Episode 7. The new salesman returns, and he informs me that they need additional identification to approve me for the purchase. He asks if I have any second photo ID (in addition to my state driver's license). I don't, of course. So he tells me that I have put a security hold on my credit report and that they need to ask some questions to verify my identity. Two of the questions ask about student loans, which I've never had, and the other two ask about the price I paid for my house, and something else I've forgotten. The new salesman takes the answers back to his boss and then quickly returns, informing me that I got two of the four answers wrong, making me a red alert for suspected fraud or something. We think things over and  have just about decided that he will follow me home and verify that I have a current passport, which will be the second form of ID they need. Then another salesman, who can think better than we have, says, "Why don't you have your wife take a picture of the passport photo page with her cell phone and send it to us?" That works and we are good to go. Take at least two forms of picture ID and the names, addresses, and phone numbers of three or four "people you know who are not related and not living with you."

Episode 8. While we are waiting for the credit manager, the new salesman shows me a binder with maybe twenty or thirty items to pack onto the car's price: seal coating, prepaid oil changes, lojack anti-theft, glass tinting, and on and on. I decline them all. You can make up your own mind about these high-profit add ons. I skip them all.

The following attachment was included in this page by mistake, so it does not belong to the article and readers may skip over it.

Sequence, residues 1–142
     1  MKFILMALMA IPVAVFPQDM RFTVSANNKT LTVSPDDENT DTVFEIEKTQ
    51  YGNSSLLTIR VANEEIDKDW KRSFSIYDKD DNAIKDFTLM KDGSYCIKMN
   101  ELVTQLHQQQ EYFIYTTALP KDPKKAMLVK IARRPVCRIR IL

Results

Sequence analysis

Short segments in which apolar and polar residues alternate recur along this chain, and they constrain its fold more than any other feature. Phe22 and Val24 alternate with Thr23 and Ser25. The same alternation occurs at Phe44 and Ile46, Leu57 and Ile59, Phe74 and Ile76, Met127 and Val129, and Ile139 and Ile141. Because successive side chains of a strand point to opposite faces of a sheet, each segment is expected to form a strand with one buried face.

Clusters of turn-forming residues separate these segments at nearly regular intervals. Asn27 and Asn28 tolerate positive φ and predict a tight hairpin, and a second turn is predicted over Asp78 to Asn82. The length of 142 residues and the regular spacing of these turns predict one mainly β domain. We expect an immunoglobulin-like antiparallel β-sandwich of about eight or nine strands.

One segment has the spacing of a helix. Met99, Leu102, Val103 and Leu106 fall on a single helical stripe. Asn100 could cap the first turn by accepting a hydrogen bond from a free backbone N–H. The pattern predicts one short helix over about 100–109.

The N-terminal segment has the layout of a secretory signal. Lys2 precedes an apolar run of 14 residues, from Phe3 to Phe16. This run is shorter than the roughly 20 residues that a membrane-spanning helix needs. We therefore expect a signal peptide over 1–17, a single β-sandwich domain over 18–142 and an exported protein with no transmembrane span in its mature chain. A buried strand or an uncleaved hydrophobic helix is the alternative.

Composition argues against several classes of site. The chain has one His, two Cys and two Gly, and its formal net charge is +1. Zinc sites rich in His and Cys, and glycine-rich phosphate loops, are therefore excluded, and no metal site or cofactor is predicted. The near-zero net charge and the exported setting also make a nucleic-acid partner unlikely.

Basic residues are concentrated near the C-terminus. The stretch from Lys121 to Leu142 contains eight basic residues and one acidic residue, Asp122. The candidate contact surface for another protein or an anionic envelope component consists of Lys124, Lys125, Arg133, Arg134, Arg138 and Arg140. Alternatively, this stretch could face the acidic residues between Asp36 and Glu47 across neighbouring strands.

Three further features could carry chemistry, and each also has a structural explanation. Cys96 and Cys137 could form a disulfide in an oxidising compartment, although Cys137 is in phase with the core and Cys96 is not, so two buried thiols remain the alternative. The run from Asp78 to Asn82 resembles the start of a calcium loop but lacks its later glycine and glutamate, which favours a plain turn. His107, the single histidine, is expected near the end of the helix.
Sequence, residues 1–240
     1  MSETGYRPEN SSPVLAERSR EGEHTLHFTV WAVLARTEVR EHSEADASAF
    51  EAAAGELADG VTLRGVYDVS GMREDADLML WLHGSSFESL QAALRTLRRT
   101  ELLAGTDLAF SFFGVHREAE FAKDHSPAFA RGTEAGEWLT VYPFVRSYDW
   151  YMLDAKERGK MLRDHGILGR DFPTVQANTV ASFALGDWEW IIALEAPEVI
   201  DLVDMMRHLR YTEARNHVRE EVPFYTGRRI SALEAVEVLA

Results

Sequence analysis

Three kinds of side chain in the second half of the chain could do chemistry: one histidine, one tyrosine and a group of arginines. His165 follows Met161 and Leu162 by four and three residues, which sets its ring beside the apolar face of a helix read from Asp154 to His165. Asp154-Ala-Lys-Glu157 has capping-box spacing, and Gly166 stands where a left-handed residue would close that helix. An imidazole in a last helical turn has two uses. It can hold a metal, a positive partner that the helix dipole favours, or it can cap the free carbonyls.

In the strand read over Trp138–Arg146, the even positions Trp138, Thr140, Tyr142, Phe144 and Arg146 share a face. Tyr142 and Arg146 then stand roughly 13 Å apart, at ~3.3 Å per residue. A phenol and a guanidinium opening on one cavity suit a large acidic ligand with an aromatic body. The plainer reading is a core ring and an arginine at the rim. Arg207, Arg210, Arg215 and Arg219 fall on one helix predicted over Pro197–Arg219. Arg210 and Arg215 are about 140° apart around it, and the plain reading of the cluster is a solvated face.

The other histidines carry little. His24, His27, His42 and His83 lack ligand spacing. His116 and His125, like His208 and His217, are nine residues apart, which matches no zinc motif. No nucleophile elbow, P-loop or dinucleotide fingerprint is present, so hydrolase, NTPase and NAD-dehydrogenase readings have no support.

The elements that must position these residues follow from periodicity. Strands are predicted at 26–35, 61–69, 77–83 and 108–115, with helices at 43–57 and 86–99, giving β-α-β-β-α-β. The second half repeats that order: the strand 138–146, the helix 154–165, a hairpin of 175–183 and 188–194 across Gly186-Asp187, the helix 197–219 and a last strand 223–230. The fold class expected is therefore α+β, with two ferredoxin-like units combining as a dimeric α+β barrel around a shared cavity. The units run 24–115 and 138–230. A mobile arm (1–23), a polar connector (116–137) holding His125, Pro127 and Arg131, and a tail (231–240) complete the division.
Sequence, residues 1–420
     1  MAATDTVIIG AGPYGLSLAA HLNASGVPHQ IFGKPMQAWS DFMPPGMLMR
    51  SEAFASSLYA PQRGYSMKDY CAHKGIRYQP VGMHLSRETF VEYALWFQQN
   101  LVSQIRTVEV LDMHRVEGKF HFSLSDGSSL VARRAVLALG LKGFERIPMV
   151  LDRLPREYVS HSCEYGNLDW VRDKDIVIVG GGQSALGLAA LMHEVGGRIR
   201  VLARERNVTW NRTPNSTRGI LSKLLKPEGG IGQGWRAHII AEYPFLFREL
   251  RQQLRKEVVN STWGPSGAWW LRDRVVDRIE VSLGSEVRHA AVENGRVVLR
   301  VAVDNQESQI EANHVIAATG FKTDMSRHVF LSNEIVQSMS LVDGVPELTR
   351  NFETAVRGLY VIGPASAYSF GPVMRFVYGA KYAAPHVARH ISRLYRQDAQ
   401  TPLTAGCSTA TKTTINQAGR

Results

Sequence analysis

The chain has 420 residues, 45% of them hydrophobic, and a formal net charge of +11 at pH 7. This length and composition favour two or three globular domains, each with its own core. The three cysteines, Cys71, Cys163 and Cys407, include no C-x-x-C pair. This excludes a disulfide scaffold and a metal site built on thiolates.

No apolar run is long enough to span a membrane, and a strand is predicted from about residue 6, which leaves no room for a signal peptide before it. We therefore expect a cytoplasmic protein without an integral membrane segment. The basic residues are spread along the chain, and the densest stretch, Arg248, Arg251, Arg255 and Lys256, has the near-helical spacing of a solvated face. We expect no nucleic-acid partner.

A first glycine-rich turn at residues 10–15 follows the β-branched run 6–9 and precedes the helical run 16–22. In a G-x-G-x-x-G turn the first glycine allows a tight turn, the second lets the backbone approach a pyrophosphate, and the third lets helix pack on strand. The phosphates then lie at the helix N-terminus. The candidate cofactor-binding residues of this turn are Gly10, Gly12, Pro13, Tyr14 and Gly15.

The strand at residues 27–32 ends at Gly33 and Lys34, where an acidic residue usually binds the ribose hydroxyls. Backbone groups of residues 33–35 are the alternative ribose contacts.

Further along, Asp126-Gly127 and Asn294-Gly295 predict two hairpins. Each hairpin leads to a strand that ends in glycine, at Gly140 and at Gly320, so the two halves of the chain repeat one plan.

Episode 9. Finally, we get the new car signed and paid for.The visit to the credit manager is a non-starter, because I decline all the extras and have proof of current insurance. Be sure you have your current insurance paperwork with you, not last year's or last term's.

Episode 10. I drive home at night, in an unfamiliar car. The windshield begins to fog up and I can't see the defog setting while I'm watching for heavy city traffic. I end up rolling down a window. It's cold outside. I don't know how to use the INCLUDED navigation system. By God's grace, I get home safely. The next day I log onto my insurance company's Web site and update my policy (ouch). I also add the car to my toll road transponder account. And I begin to read the manual. All's well that ends well. P.S. Pairing your garage door opener with the car is not in the index under G. It's under H for HomeLink.

Monday, November 26, 2018

Yeezou 201 Handheld Combustible Gas Leak Detector Rreview

My wife thought she occasionally smelled gas in one of the drawers in the kitchen. She even said, offhand, "Do you have a gas leak detector?" I said, "No." So she said, "You ought to get one." That was enough motivation for me. I went to Amazon, compared features and prices, and chose the Yeezou 201 Combustible Gas Detector.